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Grails - Doomsdayer’s Holiday

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Artist: Grails

Album: Doomsdayer’s Holiday

Label: Temporary Residence

Review date: Oct. 8, 2008

Since their formation as an essentially studio-based project, Portland’s Grails have followed an unusual trajectory. After a couple of EPs, their albums on the Neurot Records label seemed to indicate a certain affinity with label leaders Neurosis, and seemed to promise an increasing heaviness tinged by their eastern and awkwardly Celtic leanings. Instead, the band’s release on Southern’s Latitudes series was followed by a move to post-rock headquarters Temporary Residence, and an apparent willingness to embrace inclinations more experimental and, ironically, backward-looking.

As noted in this site’s review of last year’s Burning Off Impurities, Grails took their explicit influences from the Interpretations EP – especially that of Flower Travellin’ Band – and made them implicit in that album’s cuts. From lost Japanese psychedelic drone to Turkish ‘60s rock to more contemporaneous kosmische jammers, Grails subsumed inspirations and, for the most part, spun them into songs that were more than the sum of their historical references.

A year later now, the current quartet turned to engineers Steven Wray Lobdell (who knows more than a thing or two about cosmic sounds) and Randall Dunn (whose Earth/Sunn O))) experience could have gone either way here), and the 38 minutes here manage the neat trick of encompassing the band’s widest range of styles in a package that works. The album also shows a band that is becoming wise in the ways they edit themselves, with only one song breaking the seven-minute mark and most falling well short of that.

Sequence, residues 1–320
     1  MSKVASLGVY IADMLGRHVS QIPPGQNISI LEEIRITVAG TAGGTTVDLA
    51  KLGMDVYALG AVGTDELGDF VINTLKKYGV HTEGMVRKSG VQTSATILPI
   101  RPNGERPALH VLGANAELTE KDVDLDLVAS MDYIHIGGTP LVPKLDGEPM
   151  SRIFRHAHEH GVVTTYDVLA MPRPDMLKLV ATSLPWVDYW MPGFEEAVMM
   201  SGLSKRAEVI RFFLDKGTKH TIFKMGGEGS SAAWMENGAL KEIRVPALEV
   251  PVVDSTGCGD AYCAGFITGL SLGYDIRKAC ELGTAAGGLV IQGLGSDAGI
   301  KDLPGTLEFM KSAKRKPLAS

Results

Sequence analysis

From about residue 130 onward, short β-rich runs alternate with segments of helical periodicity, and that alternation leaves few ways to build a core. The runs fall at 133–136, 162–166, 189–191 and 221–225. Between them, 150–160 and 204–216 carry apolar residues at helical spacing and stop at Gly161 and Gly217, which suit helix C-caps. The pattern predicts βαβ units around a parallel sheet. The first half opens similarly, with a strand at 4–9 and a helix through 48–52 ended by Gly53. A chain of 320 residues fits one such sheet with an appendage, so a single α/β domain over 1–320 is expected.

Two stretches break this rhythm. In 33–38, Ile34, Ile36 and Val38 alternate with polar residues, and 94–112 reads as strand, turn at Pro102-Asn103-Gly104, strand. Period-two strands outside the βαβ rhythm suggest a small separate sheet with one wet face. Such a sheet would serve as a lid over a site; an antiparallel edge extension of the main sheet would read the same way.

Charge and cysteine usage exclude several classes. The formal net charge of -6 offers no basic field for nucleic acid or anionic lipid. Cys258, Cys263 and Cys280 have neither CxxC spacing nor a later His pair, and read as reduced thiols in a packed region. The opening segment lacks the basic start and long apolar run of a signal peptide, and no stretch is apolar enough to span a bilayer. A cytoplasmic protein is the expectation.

Doomsdayer’s Holiday begins with its somewhat misleading title track: three minutes of well-played but predictable bombastic, metallic riffing that could have come from an album by Isis or Neurosis. It’s also pretty much unlike anything else on the album. "Reincarnation Blues" follows and takes things in a more interesting direction, leading through valleys of eastern instrumentation, peaks of heavy rock, and sitar-like guitar twang. The song is economical and well-focused, with a balance that not all of the album achieves, and serves as a bit of a microcosm of the whole. The band offer a prism for their music here, with the initial middle-eastern melody quickly subsumed under a crush of drums and heavy guitars, only to return before being swallowed again. This uneasy truce between experiments in sound and a desire to just “rock out” lies at the heart of Doomsdayer’s Holiday, and is what makes it worth repeated listens.

As "Reincarnation Blues" dies away, in comes the acoustic strum of "The Natural Man," and for the most part the "heavy" sounds are gone, not to return. The remainder of the album progresses through shimmering beauty ("The Natural Man" is a bit too shiny for its own good) into free-form jams filled with burbling synths, abstract noises and clattering drums, and ambient sections strewn with distant clanks and drones. Eyebrows may raise at the closing track, ironically titled "Acid Rain," which reworks Meddle-era Floyd into a reverb-soaked lullaby of strummed guitars and floating synths.

If "Reincarnation Blues" is one pillar on which the album stands, its partner, "Predestination Blues," is the other. Its acoustic, eastern-styled strings quickly bloom into hard rock with a Turkish prog-psych feel that reminds me of an album I have by Nekropsi, not a bad thing at all. After a few minutes the song breaks down into buzzing ambience that slowly builds back up into a strong, classic cosmic jam. A marvelous piece.

The key to the album’s ultimate success is the band’s awareness of time and movement. The seven songs total to a little less than 40 minutes, with most of them around the 4-5 minute mark. This economy allows the band to indulge in exercises that if stretched to longer lengths would, at best, slow the album, and at worst, bog it down never to recover. Instead, the drones and murmuring free jams are used as glue, as respites between more structured pieces, and it works. This isn’t to say that at times one won’t wish for things to move along a bit more – Grails do have their moments of indulgence here. But the momentum continues from beginning to end, and Doomsdayer’s Holiday makes for perhaps the band’s strongest statement yet.

By Mason Jones

Other Reviews of Grails

The Burden of Hope

Red Light

Burning Off Impurities

Take Refuge in Clean Living

Deep Politics

Read More

View all articles by Mason Jones

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